Open the model in the AnyBody Modeling System, load it into memory, open a Model View window, select the InverseDynamics operation, and click the Run button. You should see something like this:

The thick blue rod is an arm hinged at its left end to the origin of the global reference frame. A muscle is attached at the other end and the muscle elevates the arm against gravity.

Please click Window->Chart (2D) to open up a new window for inspection of results. You can expand the tree on the left hand side of that window and find the muscle force, Fm, somewhere inside the properties of the M1 muscle. When you click it you get a graphical representation of the muscle force:

Obviously, AnyBody has solved the equilibrium equations and has determined what the muscle force is at every instant of the simulation time. But which objective function, \(G\), has the system used?

If we review this problem we can see that it has only a single degree of freedom and only a single muscle to carry the load. This actually means that the equilibrium equations are determinate (one degree of freedom and one muscle) and in this case it does no matter what \(G\) is, so there is little we can do in the settings to influence the result of the analysis. The result is given by equilibrium alone and there is no other muscle force than the one you see in the graph that would be able to balance the model. It does not get really interesting until we apply another muscle. A couple of simple additions to the model will accomplish this. We first add a new origin node on the global reference frame:

```
Main = {
// The actual body model goes in this folder
AnyFolder MyModel = {
// Global Reference Frame
AnyFixedRefFrame GlobalRef = {
AnyDrawRefFrame drw = {
ScaleXYZ = {1,1,1}/10;
RGB = {1,0,0};
};
AnyRefNode M1 = {
sRel = {0, 0.05, 0};
};
AnyRefNode M2 = {
sRel = {0, 0.03, 0};
};
}; // Global reference frame
```

Then we define a second muscle by copying the first one and making a few changes. Notice that the strength of the second muscle is set to half of the strength of the first one:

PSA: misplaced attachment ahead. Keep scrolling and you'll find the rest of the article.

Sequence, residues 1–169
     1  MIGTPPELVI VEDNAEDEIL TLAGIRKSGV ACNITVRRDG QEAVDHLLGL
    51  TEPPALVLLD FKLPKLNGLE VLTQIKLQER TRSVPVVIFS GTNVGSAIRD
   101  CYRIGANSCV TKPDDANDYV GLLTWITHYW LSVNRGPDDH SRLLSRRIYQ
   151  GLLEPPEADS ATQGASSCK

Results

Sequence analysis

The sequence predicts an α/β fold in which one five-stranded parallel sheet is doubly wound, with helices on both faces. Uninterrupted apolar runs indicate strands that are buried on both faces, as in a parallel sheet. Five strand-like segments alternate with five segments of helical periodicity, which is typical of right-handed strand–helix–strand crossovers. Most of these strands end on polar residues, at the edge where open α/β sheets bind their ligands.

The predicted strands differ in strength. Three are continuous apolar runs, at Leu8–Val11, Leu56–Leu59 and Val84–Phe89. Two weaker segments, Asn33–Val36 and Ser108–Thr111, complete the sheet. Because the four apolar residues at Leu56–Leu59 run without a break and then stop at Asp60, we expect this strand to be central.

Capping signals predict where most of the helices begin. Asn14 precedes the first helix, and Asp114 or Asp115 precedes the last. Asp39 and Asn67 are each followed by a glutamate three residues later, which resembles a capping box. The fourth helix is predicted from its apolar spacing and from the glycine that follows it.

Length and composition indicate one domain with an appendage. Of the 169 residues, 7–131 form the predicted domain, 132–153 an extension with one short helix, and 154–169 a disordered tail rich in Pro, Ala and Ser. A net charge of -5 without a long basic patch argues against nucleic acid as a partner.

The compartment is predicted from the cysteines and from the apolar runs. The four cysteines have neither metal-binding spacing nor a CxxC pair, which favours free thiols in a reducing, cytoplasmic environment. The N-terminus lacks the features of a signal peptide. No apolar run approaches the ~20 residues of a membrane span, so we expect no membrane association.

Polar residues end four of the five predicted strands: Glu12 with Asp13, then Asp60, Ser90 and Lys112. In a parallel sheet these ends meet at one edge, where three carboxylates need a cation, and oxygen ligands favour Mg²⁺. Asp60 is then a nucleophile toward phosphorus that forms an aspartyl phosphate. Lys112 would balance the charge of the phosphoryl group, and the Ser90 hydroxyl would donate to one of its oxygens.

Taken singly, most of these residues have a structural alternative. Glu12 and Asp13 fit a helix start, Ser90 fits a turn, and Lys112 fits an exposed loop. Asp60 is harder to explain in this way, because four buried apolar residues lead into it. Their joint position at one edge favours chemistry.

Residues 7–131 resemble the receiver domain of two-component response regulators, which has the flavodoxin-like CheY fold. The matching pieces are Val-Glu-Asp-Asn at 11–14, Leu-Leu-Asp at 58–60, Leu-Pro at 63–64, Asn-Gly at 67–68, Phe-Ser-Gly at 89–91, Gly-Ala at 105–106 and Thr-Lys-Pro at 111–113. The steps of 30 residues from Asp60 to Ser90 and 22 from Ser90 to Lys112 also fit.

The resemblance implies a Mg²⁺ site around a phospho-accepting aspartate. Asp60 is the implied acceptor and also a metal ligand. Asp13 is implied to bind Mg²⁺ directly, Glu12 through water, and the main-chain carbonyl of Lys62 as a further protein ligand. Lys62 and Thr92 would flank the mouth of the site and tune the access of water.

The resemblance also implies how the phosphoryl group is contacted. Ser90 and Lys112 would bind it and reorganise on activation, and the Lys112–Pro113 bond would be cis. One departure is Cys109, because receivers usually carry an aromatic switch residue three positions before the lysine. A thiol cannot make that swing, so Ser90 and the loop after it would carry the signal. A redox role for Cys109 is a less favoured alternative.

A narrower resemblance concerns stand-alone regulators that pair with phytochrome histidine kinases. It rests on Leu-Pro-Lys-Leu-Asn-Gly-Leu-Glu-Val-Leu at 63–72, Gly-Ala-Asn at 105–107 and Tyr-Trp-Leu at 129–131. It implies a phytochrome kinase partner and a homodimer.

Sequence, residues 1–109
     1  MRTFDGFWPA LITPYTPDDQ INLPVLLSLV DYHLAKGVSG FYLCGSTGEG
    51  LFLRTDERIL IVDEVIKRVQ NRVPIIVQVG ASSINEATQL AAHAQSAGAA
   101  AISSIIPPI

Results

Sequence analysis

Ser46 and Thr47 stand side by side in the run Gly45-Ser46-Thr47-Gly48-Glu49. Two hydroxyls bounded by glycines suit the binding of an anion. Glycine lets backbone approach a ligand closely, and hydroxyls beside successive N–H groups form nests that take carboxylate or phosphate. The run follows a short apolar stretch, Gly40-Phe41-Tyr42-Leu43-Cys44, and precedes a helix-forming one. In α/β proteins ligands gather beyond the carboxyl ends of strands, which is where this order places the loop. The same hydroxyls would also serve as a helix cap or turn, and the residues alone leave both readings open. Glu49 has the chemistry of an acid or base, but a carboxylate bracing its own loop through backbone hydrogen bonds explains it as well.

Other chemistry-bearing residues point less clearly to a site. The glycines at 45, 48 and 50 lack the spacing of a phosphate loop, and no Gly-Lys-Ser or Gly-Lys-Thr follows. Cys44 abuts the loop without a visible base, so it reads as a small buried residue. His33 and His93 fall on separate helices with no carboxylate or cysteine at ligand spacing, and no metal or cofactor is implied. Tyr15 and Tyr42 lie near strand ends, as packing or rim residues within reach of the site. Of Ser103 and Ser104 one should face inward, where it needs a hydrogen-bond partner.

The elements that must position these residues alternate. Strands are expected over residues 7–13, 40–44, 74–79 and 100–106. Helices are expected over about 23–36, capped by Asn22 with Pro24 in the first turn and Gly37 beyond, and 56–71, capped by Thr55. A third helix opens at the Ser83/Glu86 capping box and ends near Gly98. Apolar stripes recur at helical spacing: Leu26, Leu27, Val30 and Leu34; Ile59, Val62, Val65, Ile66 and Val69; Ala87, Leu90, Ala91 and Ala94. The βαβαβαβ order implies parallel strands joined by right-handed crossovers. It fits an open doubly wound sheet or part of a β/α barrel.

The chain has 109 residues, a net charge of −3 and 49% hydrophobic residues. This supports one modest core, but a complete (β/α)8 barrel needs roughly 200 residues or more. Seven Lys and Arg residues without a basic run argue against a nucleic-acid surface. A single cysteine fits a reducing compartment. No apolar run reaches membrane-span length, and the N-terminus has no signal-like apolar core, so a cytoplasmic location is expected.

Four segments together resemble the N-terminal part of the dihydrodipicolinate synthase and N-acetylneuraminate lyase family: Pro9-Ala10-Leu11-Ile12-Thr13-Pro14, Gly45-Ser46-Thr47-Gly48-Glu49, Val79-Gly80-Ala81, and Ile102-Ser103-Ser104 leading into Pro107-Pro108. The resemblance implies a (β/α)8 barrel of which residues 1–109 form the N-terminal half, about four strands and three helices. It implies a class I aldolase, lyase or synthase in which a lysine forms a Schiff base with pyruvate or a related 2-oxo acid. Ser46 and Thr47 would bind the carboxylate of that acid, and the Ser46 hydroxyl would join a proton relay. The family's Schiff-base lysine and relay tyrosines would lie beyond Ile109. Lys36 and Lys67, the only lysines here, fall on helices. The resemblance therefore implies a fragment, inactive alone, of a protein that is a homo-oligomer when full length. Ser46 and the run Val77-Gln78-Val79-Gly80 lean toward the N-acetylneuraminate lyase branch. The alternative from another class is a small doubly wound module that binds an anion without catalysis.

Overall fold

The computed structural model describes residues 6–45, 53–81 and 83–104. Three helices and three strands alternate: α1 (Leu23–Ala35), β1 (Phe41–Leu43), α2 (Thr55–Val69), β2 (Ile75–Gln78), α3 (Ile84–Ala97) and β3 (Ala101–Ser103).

```
AnyMuscleViaPoint M1 = {
AnyMuscleModel Model = {
F0 = 100;
};
AnyRefFrame &Ori = .GlobalRef.M1;
AnyRefFrame &Ins = .Seg.M;
AnyDrawMuscle drw = {
Bulging = 1;
MaxStress = 1e5;
};
};
AnyMuscleViaPoint M2 = {
AnyMuscleModel Model = {
F0 = 50;
};
AnyRefFrame &Ori = .GlobalRef.M2;
AnyRefFrame &Ins = .Seg.M;
AnyDrawMuscle drw = {
Bulging = 1;
MaxStress = 1e5;
};
};
```

Now two muscles will have to cooperate on the task of carrying one degree of freedom. Let us see what AnyBody, in the absence of any special specifications from the user, chooses to do. If you load and run the model, plot the muscle force of M1 as you did before, and then manually place an asterisk in place of the muscle name in the specification line in the Chart window, you should get something like this:

We can observe that both muscles are working and that M1, which has the higher strength and better moment arm, is exerting more force than the weaker M2. This seems immediately reasonable from a physiological point-of-view, and this is what you get from AnyBody if you do not make any special specifications. We shall get back to the precise nature of AnyBody’s standard criterion a little later. For now, let us proceed and speculate a bit about what may or may not make physiological sense in lesson 2.